It was announced on Friday morning that the vote for Scottish Independence from the United Kingdom was a no go.
According to the Washington Post, 55 percent of the votes were for “no” overpowering the 45 percent for “yes.” The vote means that the 307-year union between Scotland and the United Kingdom will remain, and while many were celebrating, there are some repercussions for this.
Take for example Scotland’s First Prime Minister Alex Salmond. The New York Times reports that Salmond has decided to step down from his position after his campaign to gain independence failed. “Today the point is this,” Salmond said in a statement. “The real guardians of progress are not the politicians at Westminster, or even at Holyrood, but the energized activism of tens of thousands of people who I predict will refuse meekly to go back into the political shadows.” He continued, “For me right now, therefore, there is a decision as to who is best placed to lead this process forward politically. I believe that in this new, exciting situation, redolent with possibility, party, Parliament and country would benefit from new leadership.”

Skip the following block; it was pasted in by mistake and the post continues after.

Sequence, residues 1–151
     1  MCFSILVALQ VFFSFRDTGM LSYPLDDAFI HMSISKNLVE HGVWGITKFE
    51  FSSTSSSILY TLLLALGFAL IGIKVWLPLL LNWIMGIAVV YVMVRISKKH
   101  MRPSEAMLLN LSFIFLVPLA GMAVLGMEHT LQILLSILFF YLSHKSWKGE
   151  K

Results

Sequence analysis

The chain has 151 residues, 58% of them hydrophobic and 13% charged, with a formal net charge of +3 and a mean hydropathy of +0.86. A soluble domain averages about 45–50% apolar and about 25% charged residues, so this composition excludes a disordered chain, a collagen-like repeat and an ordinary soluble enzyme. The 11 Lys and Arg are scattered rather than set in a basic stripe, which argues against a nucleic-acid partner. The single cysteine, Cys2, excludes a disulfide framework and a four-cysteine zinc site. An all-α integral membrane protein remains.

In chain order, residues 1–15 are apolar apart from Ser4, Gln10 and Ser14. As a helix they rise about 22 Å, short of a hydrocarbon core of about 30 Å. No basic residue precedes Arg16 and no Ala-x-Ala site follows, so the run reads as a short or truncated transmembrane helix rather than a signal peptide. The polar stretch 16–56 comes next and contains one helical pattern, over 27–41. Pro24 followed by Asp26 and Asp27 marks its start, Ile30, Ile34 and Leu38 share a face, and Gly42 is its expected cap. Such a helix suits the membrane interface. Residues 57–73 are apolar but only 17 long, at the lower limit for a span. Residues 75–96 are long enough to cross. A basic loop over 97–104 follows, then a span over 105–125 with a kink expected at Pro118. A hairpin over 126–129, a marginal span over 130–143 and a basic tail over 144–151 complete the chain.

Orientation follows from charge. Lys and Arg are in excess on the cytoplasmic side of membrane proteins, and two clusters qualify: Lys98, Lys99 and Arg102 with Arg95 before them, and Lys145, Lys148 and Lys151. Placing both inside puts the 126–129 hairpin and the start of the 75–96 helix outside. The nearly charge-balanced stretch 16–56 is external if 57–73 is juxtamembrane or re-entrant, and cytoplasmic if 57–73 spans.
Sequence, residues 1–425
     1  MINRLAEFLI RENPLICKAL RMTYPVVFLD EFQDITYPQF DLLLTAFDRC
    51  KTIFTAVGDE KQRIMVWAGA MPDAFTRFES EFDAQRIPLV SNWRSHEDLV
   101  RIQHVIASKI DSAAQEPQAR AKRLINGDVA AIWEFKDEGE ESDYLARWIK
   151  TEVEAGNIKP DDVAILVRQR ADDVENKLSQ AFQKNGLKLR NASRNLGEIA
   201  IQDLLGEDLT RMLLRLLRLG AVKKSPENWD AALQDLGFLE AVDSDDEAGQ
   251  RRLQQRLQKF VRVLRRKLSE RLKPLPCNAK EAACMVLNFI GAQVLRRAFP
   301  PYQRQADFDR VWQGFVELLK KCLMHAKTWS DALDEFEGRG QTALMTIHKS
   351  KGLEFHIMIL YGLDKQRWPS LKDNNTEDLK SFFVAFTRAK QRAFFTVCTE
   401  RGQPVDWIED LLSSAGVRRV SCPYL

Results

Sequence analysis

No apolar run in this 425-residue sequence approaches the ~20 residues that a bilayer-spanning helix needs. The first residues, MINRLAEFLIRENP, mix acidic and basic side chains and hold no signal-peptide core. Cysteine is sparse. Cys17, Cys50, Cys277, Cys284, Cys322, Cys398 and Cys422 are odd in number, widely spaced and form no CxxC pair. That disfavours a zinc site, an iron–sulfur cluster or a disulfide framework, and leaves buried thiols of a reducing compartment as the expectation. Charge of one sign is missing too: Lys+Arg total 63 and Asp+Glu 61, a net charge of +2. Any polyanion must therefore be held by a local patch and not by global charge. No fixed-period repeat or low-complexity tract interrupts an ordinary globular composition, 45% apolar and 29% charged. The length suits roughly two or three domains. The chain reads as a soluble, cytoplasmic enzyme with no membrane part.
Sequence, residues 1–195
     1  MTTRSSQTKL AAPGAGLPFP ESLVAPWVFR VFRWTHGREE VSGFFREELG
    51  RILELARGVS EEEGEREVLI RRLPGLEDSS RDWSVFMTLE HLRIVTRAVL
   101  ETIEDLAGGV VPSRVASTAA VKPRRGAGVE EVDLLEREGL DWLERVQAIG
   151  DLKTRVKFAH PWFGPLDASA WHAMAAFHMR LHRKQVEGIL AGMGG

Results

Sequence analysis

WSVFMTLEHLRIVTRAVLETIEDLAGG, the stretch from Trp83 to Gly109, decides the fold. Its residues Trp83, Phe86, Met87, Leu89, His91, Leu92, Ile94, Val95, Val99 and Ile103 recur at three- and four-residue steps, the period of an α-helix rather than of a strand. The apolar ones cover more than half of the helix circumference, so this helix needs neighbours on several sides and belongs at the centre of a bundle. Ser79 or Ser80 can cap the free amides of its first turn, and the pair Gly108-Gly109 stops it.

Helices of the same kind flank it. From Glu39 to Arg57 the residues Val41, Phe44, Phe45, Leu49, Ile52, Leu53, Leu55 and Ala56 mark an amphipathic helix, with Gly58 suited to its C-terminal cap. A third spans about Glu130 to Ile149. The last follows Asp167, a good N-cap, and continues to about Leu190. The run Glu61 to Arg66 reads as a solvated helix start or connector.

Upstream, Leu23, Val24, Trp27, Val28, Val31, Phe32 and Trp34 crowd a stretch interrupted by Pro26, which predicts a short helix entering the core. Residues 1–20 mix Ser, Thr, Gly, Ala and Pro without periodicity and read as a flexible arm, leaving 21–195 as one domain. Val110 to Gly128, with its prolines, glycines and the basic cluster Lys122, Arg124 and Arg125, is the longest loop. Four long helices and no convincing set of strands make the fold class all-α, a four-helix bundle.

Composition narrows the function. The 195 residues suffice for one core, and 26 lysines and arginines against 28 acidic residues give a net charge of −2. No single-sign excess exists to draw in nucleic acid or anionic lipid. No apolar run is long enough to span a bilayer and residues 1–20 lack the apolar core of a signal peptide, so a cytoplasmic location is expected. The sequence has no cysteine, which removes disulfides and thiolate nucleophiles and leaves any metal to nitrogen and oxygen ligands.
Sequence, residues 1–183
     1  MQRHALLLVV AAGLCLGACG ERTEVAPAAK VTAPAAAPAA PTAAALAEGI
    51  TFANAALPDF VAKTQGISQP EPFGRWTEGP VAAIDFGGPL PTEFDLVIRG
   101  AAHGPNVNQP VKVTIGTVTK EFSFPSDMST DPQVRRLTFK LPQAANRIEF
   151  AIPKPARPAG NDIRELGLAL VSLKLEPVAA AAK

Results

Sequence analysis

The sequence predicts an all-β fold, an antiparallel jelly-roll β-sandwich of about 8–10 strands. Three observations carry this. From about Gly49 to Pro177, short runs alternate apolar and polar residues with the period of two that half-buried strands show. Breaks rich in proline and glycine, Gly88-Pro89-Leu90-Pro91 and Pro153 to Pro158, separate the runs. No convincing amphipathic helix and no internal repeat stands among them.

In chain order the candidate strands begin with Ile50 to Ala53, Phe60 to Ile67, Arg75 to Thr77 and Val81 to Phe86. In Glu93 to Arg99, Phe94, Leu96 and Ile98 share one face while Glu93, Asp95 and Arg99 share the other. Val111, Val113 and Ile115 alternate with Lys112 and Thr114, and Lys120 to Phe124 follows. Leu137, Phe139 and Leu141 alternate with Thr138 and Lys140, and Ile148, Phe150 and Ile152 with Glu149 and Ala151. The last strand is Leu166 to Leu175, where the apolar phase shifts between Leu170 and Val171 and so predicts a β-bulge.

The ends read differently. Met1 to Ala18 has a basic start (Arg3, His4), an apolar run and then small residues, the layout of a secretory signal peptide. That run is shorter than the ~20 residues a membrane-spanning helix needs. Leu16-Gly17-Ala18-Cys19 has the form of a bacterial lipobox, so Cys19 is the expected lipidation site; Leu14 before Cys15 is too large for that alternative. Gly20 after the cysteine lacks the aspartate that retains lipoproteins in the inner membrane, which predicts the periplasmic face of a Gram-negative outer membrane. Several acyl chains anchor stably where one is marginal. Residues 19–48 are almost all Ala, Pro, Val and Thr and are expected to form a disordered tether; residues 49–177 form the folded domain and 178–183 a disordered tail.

The United Kingdom, particularly Prime Minister David Cameron, will now have to try and heal the wounds that originally caused the referendum to happen in the first place. Cameron released a statement saying he was happy (we bet) that the outcome was no. “The people of Scotland have spoken,” Cameron said. “They have kept our country of four nations together, and like millions of other people, I am delighted.”
Queen Elizabeth also released a statement saying, “Now, as we move forward, we should remember that despite the range of views that have been expressed, we have in common an enduring love of Scotland, which is one of the things that helps to unite us all.”
It’s definitely going to be a long road ahead for Britain and Scotland, but here’s hoping that things stay civil.